While utilitarian pottery is inherently connected to meal preparation and serving, the work of Lindsay Rogers, Amanda Bury and Carole Epp push beyond this physical connection and utilize this link to speak to the larger systems at work within our contemporary food productions: plant ecology, food origins and the lessons of family dinner time. 

Bridget Fairbank, Lauren Shapiro and Eliza Au make sculptural ceramic works from handmade tile. They consider the powers of individual persuasion within a community and that community’s impact on natural structures. They join people and the environment through art, ornament acting as visual stimuli and also as a vehicle for social engagement.

Nathan Murray and Juan Barroso focus on the human figure in order to explore nuanced expressions of race, culture and identity as they relate to governmental policy decisions, institutional racism and social inequity. Their works function through the humanizing lens of personal stories and cultural homage.

See their completed work below: 


Inspired by , one of many crowd sourced fruit maps in the world, Bridget Fairbank chose to spend the winter months in Canada mining the internet, while eating and pondering imported fruit. Stalking images of specific plants, Fairbank virtually walked the city, in every season, imagined the smells, the sounds and the people around a fruit tree. She engaged in a long distance relationship- more personal than that with the fruit on her table, in her bowl. She researched their background, their likes and their dislikes, painted portraits of them on tile- to last an eternity- and then in Springtime, on a hot Cali day after 1,575 km of travel from snow, through a boarder and mountains to fields and endless field of olives and oranges- they met. Hear the meeting below.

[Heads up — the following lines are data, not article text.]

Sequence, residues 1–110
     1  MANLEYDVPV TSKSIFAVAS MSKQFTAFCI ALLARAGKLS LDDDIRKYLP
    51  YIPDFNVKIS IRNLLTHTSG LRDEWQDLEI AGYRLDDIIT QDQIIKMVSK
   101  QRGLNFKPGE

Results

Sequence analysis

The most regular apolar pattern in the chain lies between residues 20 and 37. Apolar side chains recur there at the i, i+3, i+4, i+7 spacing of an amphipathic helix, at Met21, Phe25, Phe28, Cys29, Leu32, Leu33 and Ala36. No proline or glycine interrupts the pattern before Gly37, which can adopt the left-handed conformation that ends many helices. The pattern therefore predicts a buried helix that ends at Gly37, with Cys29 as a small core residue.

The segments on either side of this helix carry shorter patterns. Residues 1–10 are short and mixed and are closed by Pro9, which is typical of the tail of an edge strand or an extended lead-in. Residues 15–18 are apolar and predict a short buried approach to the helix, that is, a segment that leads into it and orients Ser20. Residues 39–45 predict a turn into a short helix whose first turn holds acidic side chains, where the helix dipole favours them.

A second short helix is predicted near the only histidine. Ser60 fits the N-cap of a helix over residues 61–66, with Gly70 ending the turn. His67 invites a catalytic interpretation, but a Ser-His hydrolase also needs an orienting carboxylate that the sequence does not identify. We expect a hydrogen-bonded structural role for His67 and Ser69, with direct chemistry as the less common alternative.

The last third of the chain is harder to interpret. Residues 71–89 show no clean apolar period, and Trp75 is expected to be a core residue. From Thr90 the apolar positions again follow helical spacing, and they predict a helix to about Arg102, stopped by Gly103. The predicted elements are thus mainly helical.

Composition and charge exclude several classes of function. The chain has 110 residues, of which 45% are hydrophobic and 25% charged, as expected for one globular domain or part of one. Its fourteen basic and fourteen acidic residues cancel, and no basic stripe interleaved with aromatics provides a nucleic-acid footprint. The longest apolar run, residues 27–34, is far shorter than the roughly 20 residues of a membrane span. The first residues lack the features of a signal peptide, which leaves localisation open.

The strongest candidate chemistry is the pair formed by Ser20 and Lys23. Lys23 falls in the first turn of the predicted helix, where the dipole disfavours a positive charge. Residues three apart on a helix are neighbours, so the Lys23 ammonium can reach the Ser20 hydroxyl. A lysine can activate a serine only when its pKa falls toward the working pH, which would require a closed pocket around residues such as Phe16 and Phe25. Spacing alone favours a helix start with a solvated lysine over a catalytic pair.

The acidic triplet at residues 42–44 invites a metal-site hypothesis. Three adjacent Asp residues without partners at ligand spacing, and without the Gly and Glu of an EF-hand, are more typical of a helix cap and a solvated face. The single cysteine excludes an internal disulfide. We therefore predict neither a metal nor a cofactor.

It is time to remember that we live in nature and to interact with food sources as individual entities. Fairbank looks to these maps of local, self-replenishing food sources as an avenue to connect to climate and each other. Season and locality is lost in the global food market. We are blind to climate, to place, to body. She met real people who's lives are intertwined with these trees, fruits and streets. In honour of this the title of each plant is an address.


Falling Fruit Maps are crowdsourced interactive maps that show anyone and everyone where to find specific plants, they promotes urban foraging worldwide. California is ripe with free falling fruit but also the home to large agricultural mono-cultures that are the antithesis to diverse local foods. This dichotomy makes California the perfect locale to subvert how and why we interact with specific plants and foods. This interface gives people power to re-claim the food chain and re-think connections. 


See below each plant in-situ, its facsimile on google earth, the ceramic installations installed at NCECA 2022 and a test of their making.

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1246 P St // Orange Citrus

Ceramic, Wood, Audio + Dirt, Oranges 


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1672 C St // Strawberry Tree

Ceramic, Wood, Audio + Dirt


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299 J Street // Washingtonia Palm

Ceramic, Wood, Audio + Dirt


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1426 J St // Olive Tree

Ceramic, Wood, Audio + Dirt